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Journal Article

Transient signal analysis using complementary metal oxide semiconductor capacitive chemical microsensors.


Burg,  T. P.
Research Group of Biological Micro- and Nanotechnology, MPI for biophysical chemistry, Max Planck Society;

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Kummer, A. M., Burg, T. P., & Hierlemann, A. (2006). Transient signal analysis using complementary metal oxide semiconductor capacitive chemical microsensors. Analytical Chemistry, 78(1), 279-290. doi:10.1021/ac051430g.

Cite as: http://hdl.handle.net/11858/00-001M-0000-0014-9C4B-D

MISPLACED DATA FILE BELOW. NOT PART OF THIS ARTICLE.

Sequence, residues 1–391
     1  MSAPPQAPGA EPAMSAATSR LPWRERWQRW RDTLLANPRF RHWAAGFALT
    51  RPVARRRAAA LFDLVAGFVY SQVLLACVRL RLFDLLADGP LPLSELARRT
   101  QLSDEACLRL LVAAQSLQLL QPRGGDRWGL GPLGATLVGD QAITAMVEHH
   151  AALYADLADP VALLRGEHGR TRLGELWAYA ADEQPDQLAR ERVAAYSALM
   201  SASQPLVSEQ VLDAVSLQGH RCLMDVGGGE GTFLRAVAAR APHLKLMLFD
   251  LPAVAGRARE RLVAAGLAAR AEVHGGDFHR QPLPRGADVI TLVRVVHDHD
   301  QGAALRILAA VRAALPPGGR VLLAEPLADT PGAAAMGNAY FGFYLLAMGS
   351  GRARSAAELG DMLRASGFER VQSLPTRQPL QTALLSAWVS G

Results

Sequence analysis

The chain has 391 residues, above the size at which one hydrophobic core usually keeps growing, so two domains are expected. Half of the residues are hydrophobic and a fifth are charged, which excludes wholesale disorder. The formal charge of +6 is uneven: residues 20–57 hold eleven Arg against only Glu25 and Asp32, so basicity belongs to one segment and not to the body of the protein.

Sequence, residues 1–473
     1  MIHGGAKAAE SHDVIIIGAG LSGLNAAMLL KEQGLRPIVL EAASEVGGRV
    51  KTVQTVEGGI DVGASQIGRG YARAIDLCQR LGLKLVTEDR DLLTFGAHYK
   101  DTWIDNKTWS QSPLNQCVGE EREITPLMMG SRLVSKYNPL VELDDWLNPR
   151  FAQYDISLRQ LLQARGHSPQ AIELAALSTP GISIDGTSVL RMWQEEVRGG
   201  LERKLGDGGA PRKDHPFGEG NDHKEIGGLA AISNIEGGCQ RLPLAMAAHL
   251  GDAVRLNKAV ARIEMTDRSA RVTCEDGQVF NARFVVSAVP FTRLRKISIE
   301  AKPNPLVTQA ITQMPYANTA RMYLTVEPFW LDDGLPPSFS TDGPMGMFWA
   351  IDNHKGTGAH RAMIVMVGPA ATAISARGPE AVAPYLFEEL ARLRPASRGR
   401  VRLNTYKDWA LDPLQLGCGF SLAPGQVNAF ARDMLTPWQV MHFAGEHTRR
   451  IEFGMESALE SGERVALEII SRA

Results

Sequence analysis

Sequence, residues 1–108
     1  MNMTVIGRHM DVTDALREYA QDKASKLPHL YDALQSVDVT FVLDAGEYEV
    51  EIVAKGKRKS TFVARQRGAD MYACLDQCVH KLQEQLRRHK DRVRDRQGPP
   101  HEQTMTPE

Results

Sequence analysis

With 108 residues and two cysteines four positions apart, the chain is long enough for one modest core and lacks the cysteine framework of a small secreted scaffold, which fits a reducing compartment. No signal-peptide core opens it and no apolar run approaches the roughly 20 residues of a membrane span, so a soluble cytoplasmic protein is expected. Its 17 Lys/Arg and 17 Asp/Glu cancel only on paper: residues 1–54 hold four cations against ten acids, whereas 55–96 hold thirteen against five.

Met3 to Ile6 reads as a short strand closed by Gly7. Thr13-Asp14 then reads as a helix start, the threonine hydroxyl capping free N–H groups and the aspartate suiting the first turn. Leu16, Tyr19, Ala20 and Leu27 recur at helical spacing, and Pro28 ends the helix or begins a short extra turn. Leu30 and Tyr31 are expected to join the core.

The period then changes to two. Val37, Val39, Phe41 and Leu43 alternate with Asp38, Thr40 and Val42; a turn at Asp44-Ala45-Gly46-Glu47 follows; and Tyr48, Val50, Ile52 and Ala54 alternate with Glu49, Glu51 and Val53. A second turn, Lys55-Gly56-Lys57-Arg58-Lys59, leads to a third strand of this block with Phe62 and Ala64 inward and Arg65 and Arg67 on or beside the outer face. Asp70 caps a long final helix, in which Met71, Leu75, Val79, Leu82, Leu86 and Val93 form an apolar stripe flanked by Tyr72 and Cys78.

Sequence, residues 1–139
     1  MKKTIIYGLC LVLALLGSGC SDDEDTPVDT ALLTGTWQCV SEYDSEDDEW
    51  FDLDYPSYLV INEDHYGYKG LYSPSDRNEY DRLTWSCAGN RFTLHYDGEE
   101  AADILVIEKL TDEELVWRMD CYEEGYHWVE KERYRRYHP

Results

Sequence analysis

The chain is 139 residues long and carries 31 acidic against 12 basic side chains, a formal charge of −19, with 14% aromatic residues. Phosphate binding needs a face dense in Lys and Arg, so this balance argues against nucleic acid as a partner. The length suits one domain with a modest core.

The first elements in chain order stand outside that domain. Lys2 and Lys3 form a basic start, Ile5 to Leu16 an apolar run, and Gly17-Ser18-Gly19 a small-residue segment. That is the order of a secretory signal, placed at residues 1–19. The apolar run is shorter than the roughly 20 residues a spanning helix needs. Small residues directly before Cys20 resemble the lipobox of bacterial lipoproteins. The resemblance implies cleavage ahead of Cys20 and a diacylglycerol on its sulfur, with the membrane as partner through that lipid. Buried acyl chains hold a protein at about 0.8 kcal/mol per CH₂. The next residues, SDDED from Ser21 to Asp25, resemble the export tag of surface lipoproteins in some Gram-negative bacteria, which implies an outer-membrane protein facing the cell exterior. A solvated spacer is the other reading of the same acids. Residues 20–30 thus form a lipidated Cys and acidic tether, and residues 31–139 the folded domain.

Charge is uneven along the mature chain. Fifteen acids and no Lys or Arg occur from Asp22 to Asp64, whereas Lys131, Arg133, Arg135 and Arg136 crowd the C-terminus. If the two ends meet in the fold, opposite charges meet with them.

This work explores the possibility to discriminate analytes based on their nonequilibrium signals in polymer-coated capacitive chemical microsensors. The analyte uptake in the chemically sensitive polymer layers of 3−7-μm thickness has been analyzed using a diffusion model and the dynamic sensor response data. The shapes of the response profiles have been calculated analytically. Despite the simplifications in the model, the observed transient signal profiles could be described accurately. Comparison of the measured diffusion coefficients (on the order of 10-12 m2/s) with literature values measured at similar concentration levels showed good agreement. Concentration-independent diffusion coefficients for several analyte/polymer combinations (poly(etherurethane)/all analytes; poly(epichlorohydrin)/alcohols) as well as slightly concentration-dependent diffusion coefficients (poly(epichlorohydrin)/toluene or ethyl cellulose/toluene) have been found in the investigated concentration range of tens to hundreds of pascals gas-phase partial pressure. The diffusion times of water and the first aliphatic monohydric alcohols in the polymers are strongly correlated to their molecular size. The discrimination of these substances based on dynamic sensor data of a single sensor could be demonstrated. In particular, the analysis of mixtures of analytes with similar chemical behavior (water/ethanol or methanol/ethanol) by means of analyzing the response profile of single-exposure steps or by applying a series of decreasingly long alternating target gas exposure and carrier gas exposure steps has been performed.